Menopause that occurs before the age of 45 is considered early menopause. It can happen naturally, because the ovaries have been surgically removed, or if cancer treatments have destroyed the ovarian tissue. It can also happen because of diseases such as premature ovarian failure (POF), autoimmune disease or a hormonal imbalance.

During menopause the body stops making estrogen and progesterone. Estrogen can wane gradually or stop abruptly. In either case, the body is deprived of estrogen and this is what causes a lot of the symptoms women experience during menopause. But estrogen plays a huge role in the body, affecting almost every system—the skin, bones, blood vessels, brain, and reproductive and urinary organs. When estrogen isn't available, bones lose density, making them more prone to osteoporosis and fractures. Estrogen loss may also cause problems with sex, mood and thinking. Talk to your doctor about coping with the symptoms and risks of early menopause.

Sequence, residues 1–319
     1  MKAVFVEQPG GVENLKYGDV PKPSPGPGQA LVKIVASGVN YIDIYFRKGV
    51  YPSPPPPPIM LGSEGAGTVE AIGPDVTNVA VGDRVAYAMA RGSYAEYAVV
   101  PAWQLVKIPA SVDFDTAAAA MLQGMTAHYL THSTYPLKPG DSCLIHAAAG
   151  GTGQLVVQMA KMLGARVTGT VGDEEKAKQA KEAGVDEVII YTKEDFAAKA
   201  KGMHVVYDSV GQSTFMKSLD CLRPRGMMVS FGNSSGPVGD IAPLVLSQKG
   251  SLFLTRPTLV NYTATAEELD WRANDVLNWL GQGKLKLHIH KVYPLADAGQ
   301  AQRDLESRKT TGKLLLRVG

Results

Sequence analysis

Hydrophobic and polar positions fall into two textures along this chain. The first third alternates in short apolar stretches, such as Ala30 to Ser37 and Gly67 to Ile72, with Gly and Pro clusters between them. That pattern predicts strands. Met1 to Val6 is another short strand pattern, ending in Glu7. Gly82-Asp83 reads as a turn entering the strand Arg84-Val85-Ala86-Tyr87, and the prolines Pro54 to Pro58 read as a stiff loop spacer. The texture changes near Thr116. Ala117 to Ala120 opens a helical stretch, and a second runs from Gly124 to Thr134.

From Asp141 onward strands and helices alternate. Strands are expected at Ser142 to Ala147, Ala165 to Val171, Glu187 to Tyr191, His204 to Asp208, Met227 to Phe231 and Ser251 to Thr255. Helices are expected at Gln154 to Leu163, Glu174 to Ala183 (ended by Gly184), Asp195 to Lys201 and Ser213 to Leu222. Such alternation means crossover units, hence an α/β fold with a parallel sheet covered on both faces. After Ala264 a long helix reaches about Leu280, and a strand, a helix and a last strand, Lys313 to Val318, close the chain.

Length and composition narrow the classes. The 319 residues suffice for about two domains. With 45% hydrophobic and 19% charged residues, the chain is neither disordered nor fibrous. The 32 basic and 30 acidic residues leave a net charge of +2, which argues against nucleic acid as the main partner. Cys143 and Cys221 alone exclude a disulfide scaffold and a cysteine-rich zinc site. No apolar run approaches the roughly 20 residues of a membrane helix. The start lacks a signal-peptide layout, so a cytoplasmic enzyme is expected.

If menopause occurs prior to the age of 45, this group of women will experience an increased risk of bone loss and an increase in the chance of fractures. Early menopause can be caused from natural early menopause or surgical menopause from the surgical removal of ovaries. Also, some cancer treatments such as chemotherapy or radiation can lead to bone loss and eventually osteoporosis. If menopause occurs prior to the age of 45, there is an increased risk of bone loss and the chance of fractures.